Cardiovascular disease (CVD) is the primary cause of a higher death rate across the world. In the U.S., CVD accounts for approximately 600,000 deaths every year. Although there was a constant decline over the last five decades, its frequency is rising again.
Among multiple risk factors, low physical activity is considered the major contributor to poor cardiovascular health. Hence, the American Heart Association recommends a range of 75-150 minutes/week of vigorous physical activity or 150-300 minutes/week of moderate physical activity, or a combination of both. However, it was unclear whether performing a higher level of moderate and vigorous exercise could reduce mortality risks.
A team of researchers performed a research analysis study involving more than 100,000 adults over a 30-year follow-up period (1988-2018), which was published in the journal Circulation in 2022.
The average age of the participants was 66 years where more than 96% were white adults and 63% were females. These participants were asked to complete a validated questionnaire study every two years where they reported their health information, family medical histories, personal habits, and frequency of physical activities including the average time spent per week.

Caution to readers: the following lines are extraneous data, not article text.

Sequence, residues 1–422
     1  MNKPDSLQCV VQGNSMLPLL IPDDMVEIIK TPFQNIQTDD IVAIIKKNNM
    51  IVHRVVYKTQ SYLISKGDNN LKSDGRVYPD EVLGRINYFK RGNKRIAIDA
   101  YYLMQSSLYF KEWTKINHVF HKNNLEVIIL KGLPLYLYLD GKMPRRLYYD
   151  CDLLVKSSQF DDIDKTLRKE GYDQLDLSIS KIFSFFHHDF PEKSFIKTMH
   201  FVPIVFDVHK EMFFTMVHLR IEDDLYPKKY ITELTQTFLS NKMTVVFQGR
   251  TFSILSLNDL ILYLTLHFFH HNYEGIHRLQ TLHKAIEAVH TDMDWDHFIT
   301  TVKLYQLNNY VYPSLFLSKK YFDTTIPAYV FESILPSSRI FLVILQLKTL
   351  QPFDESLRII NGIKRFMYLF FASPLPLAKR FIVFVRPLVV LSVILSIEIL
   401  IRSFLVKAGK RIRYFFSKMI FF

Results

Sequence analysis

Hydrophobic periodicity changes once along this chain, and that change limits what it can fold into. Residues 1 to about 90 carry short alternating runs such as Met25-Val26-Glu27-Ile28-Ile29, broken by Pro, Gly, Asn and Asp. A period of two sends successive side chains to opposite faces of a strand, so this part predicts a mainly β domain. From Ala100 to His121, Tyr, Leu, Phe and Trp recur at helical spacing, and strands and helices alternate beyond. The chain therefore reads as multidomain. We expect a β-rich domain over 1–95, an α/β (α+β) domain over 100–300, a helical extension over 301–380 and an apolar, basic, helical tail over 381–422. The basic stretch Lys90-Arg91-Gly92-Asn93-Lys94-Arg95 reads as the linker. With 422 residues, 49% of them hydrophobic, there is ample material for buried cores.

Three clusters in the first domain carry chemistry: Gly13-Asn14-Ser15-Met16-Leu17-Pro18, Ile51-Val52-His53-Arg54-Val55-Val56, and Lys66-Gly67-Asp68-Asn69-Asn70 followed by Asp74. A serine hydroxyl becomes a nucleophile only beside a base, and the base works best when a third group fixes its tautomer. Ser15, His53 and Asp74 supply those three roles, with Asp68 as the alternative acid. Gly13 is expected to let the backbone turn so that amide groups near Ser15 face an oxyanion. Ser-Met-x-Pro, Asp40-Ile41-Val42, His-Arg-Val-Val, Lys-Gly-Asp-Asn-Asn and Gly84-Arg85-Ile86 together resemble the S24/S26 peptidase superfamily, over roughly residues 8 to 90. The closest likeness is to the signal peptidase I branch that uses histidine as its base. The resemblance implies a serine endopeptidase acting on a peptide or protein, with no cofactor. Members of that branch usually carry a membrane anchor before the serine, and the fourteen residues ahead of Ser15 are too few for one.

Moderate physical activities include walking, weightlifting, lower-intensity exercise, and calisthenics while vigorous physical activities include running, jogging, bicycling, and swimming.
Duration of exercise (min/wk)
Reduction in mortality risk (%)
What It Means
People who performed 2-4 times the weekly recommended moderate or vigorous physical activity had a significant reduction in CVD-related mortality rate.
Although this study supports national physical activity guidelines, it further recommends performing medium to a high level of either moderate or vigorous physical activity or a combination of both every week to achieve maximum overall health benefits. The bottom line is to set realistic goals and start doing physical activity consistently by selecting the right amount and intensity.
For more guidance on physical activity, you can consult with one of our experienced cardiologists through a virtual visit or in person at one of our clinic locations. To schedule an appointment, call Peak Heart & Vascular in Surprise, Avondale, Flagstaff, or Phoenix, Arizona, or connect online to submit an appointment request for an in-office or virtual visit.